Laser Tattoo Removal Treatment

How it’s done, does it hurt and does it work like magic? Find out all you need to know about laser tattoo removal treatment.

Statistics published in the “New York Times” in 2007 say that about 20 percent of tattooed Americans regretted getting that ink. If you have a tattoo that you no longer want, your best bet is a laser treatment to remove it.

You need to know that laser removal is expensive, painful and often time consuming, because your tattoo can rarely be removed in only one go. The cost is about 30-50 dollars per square inch.

How It Works

In a single treatment, laser energy passes through your skin, targeting a certain color of ink in the layers below. It causes the pigment to break down into smaller particles which are later disposed of by your body’s immune system. Since it targets one specific shade, designs in color will require multiple treatments to break down each pigment individually.

Does It Hurt?


The good news is, it probably won’t hurt more than getting the tattoo done. The bad news is, depending on your pain threshold, maybe getting it done hurt like hell. Most people who get laser tattoo removal say that it’s not real pain, but more of a burning sensation, like getting sprinkled with hot oil or boiling water. Depending on the size and location, you can ask for a local anesthetic in the form of a cream or injection.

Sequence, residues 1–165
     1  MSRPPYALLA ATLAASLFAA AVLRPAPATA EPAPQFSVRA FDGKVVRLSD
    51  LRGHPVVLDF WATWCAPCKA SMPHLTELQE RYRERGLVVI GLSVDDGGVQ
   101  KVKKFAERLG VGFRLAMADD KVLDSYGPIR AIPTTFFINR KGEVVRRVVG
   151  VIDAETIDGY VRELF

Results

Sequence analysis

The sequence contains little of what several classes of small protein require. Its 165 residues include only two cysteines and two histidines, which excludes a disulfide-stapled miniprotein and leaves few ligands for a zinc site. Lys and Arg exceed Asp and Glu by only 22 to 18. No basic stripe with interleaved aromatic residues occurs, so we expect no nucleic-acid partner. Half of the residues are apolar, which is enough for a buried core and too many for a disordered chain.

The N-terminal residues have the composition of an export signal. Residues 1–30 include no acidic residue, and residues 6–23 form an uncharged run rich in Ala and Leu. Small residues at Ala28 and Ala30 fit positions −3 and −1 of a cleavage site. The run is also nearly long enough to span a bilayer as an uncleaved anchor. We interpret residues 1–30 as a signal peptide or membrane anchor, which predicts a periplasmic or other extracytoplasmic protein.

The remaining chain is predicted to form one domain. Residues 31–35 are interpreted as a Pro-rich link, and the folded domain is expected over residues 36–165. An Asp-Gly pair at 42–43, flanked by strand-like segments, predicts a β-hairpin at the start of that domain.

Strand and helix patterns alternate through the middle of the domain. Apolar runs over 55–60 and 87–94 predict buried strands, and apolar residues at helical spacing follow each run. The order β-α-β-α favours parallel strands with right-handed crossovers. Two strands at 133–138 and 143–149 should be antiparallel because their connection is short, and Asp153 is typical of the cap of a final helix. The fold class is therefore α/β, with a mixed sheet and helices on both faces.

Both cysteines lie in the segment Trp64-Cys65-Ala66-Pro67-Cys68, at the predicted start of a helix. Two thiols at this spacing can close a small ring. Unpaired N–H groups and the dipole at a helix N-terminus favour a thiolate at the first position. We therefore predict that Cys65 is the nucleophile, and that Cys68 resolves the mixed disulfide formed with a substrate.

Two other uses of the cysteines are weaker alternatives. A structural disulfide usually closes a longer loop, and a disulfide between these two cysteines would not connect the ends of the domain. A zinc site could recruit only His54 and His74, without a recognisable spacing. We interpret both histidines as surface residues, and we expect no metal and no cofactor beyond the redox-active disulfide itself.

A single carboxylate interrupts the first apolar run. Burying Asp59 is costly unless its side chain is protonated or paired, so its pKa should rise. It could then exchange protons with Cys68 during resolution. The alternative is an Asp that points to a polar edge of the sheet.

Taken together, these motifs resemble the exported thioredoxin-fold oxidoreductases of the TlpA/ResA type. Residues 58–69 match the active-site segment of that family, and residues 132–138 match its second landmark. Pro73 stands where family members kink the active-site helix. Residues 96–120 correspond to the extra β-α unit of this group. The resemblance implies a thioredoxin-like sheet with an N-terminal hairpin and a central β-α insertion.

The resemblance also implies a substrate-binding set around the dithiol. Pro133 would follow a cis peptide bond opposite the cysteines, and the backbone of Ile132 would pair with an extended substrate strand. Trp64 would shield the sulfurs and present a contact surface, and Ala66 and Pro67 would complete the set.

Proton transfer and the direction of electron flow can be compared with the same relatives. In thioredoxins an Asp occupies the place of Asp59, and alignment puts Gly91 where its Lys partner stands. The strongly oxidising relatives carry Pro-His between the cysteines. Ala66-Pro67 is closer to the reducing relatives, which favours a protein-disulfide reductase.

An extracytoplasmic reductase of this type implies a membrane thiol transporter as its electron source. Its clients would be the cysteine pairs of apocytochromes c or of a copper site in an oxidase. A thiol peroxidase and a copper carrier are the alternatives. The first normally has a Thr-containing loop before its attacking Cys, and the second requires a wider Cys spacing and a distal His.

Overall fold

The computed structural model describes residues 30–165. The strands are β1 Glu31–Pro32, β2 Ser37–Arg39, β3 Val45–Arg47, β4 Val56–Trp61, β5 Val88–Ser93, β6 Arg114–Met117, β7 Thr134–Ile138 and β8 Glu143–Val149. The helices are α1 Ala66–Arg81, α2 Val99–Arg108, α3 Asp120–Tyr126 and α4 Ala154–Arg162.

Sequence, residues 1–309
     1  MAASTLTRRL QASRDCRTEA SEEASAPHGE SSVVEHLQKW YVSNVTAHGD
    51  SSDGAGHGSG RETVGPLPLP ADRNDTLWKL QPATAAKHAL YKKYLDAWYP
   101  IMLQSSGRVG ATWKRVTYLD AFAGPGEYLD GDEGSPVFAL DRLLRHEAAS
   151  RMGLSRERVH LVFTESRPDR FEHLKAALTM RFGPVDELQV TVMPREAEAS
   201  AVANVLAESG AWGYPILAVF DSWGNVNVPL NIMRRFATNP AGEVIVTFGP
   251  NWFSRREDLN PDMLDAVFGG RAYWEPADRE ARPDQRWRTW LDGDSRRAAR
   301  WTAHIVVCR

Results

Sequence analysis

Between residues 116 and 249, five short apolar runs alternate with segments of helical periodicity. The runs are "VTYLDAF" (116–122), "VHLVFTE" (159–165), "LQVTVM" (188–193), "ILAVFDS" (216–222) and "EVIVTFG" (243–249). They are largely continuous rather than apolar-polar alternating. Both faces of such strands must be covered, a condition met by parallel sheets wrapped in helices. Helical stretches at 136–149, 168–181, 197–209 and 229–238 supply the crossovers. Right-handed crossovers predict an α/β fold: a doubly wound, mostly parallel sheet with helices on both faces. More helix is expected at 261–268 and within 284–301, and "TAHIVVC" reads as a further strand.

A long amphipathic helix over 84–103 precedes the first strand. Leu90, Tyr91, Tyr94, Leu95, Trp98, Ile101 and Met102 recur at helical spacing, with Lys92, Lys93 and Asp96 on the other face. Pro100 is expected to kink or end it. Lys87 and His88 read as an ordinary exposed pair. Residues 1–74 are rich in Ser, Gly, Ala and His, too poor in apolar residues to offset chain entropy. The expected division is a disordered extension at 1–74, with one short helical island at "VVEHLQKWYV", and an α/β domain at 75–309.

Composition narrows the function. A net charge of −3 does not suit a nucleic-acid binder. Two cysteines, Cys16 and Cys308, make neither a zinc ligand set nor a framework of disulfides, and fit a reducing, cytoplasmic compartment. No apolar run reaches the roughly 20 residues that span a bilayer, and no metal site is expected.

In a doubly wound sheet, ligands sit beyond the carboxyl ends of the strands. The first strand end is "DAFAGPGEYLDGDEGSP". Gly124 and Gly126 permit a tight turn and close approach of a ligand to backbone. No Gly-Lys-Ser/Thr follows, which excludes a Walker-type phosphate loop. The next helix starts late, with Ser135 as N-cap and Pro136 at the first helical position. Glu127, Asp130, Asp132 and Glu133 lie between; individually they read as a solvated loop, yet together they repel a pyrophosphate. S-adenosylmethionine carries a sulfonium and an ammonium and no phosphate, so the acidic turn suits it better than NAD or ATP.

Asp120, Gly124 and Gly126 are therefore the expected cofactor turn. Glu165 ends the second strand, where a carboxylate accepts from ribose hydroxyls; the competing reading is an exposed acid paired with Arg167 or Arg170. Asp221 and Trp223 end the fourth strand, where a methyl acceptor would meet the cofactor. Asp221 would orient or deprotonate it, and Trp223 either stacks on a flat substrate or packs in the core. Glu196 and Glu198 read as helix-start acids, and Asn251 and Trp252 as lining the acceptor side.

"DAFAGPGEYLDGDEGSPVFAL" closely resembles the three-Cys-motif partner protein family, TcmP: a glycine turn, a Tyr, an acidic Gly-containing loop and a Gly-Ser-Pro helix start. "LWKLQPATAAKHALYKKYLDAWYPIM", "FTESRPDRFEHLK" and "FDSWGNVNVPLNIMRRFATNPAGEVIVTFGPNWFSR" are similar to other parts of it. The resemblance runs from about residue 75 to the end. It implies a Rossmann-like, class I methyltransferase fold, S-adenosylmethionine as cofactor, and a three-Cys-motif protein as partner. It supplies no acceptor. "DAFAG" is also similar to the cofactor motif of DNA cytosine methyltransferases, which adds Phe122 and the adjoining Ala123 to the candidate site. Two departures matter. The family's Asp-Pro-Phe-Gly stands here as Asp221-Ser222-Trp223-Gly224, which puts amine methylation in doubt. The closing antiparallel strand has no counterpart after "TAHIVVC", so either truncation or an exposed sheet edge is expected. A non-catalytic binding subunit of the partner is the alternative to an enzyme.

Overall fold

Will My Tattoo Still Be Visible?

This also depends on the design itself, the colors and how deep the needle went in. Contrary to popular belief, darker tattoos will actually be easier to remove. The process will be in phases, removing one or two colors at a time, until there is only a “ghost” of a previous design.

What Can I Do To Remove It Completely?


My tattoo artist, who’s had some ink removed, says it’s best to remove the most obvious parts of it and then put another tattoo over it. If you have only some contouring left, think about another design that can go on top of it as a sort of optical illusion, so it will cover it and draw attention to a different part of it. Most people who’ve had text on them remove it partially and then cover it with a colorful picture. That way, you can only see parts of the original if you look really, really closely.

This is exactly why everybody tells you to carefully consider the design and placement of your future tattoo. Sure, that cartoon character will look awesome when you’re 18, a cool phrase may mark your feelings at a certain point in life, and it’s really cute that your boyfriend wants you to get matching tattoos for your two month anniversary. But think about years later, when you will have to explain why you have a Powerpuff Girl on your back or “YOLO” on your wrist. Not to mention explaining to a future partner who the hell James is or why you have his name tattooed on your butt. So think before you ink.


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